Unfortunately, farmers have suffered much more than private investors. A lack of buyers and refineries means that many of these farmers cannot sell their product, even with the government’s push for jatropha. On top of that, many farmers have reported poor yields and insist that in the three-year-plus period it takes to grow, process, and sell jatropha, they could turn a higher profit by planting crops like sorghum or sugarcane.
Over a third of the 700 farmers Baka interviewed were promised loans from agricultural banks to replace their normal food crops with jatropha, many more receiving encouragement from the local government. Few have received compensation for their efforts.
Jatropha’s final redeeming quality—that it grows in fallow and otherwise unused land—also falls short. Proponents of the plant argue that regardless of yield, jatropha does not compete for valuable food crop space, especially when planted in “wasteland” areas. But Baka found discrepancies in the government terminology of “wasteland.” Baka noted that one village leader she met while doing survey work in Tamil Nadu told her that “the local state government body had forced him to plant jatropha in his village even though he said he didn’t have land. The government was trying to promote it so heavily and do these propagation schemes that they even forced him [to find land] to plant it.”
Because of this external pressure, villages that grow jatropha are often forced to cultivate it in common land areas, normally used as public space for gathering fuel wood or grazing animals. The Indian government definition of wastelands is “lands that can be put to more productive use with effort.” In many instances, “there is this whole other energy economy situated there that’s not mentioned in any of the government assessments of wastelands,” said Baka. These wastelands are often home to trees used for fuel wood, charcoal production, electricity production and tire retreading.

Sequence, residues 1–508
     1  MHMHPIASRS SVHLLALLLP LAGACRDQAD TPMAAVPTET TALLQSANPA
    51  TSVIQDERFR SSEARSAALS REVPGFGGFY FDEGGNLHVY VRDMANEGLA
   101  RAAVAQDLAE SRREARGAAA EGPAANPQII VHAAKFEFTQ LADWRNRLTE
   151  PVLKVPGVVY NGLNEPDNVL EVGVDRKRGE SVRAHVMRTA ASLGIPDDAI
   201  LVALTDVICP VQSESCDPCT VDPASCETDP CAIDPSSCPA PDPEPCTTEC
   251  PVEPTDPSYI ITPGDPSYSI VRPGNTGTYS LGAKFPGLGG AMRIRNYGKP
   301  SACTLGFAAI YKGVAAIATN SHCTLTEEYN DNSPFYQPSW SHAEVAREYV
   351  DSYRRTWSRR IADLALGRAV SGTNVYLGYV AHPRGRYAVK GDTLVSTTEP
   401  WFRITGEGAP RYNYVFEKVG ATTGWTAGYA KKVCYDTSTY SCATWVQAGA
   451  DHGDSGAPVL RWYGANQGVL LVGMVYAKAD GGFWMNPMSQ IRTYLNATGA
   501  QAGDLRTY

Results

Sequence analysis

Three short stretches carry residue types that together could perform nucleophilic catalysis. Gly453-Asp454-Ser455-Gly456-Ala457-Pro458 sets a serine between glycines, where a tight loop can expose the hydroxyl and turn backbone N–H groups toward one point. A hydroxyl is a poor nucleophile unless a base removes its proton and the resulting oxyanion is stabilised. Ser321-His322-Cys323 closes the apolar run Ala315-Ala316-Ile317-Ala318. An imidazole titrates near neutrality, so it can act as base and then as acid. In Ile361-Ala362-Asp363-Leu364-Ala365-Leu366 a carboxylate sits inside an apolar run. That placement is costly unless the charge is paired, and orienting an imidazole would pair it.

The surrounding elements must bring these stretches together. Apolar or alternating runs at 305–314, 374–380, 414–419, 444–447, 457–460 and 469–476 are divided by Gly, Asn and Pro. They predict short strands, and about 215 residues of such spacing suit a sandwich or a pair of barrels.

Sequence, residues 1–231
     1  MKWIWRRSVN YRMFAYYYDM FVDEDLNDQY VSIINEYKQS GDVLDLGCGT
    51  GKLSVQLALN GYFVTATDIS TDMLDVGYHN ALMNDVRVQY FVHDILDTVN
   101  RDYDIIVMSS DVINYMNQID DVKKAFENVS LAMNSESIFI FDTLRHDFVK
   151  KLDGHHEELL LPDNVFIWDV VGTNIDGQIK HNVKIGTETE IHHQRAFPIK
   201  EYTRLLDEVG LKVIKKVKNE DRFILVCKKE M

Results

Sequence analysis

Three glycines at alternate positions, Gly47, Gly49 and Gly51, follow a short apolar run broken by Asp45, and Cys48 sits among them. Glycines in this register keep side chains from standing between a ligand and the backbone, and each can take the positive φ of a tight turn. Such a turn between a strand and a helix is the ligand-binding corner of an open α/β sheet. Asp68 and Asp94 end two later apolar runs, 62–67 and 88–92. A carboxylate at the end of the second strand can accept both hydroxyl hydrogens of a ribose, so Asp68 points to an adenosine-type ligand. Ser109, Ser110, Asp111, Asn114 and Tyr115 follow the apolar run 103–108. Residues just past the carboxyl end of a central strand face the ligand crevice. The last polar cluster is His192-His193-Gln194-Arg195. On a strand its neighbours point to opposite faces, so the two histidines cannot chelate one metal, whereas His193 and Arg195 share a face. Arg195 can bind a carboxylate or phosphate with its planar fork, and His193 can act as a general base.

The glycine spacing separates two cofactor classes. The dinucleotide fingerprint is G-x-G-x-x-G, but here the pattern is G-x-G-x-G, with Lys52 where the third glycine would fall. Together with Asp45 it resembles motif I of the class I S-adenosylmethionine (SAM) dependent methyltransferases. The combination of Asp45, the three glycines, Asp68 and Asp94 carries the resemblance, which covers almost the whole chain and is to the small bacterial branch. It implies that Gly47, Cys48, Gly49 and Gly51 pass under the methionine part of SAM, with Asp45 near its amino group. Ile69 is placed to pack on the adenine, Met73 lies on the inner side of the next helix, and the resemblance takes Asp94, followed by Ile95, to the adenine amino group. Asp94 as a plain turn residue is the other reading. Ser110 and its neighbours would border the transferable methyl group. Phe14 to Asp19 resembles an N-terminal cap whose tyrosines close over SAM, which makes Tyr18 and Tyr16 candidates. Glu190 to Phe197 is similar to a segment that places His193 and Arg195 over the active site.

In some locales, jatropha has achieved success: A handful of private companies promoting the plant have implemented an effective system of jatropha production, refinement and exportation. Gold Star Biofuels, a private jatropha oil manufacturer, is one such company. Through its unique humanitarian focus on its farmers, Gold Star, “helps the economy of the country by providing jobs to unemployed farmers, keeps the families together on the farms, pays all of our farmers U.N. wages on levels projected for 2015 and pays national insurance,” explained Jack Holden, the company’s executive director.
Earth 100, part of Goldman Sachs Group’s efforts to reduce its carbon foot-print in India, has similarly achieved success as a buyer in the jatropha oil manufacturing industry. They provide companies with ‘green fleets’ of cars that are powered solely by nonedible biofuels like jatropha. Most of Earth 100’s jatropha comes from wild sources, picked and collected by villagers in an alternative, organic manner of cultivation.
Aside from the social benefits, jatropha seedcakes produced as a byproduct of oil extraction can help replenish the soil. “The technology needed for avoiding chemical fertilizer is very important and significant in reducing the carbon footprint as well as energy use and improving the scenario towards sustainability [of jatropha],” said Dr. Alok Adholeya of the Energy and Resources Institute.
Despite these small-scale successes, the overriding failure of jatropha has left many projects abandoned. The true sustainability of the plant is yet to be determined: Factors influencing the yield, the carbon balance of jatropha, and the amount of energy used to manufacture the oil and the seedcake must still be researched.
The enigma of jatropha remains unsolved. As Rathee explained, “Jatropha is not the ideal solution, but it’s the only one that we have right now.”
Alexandra Friedman ’14 is in Pierson College. Contact her at email@example.com.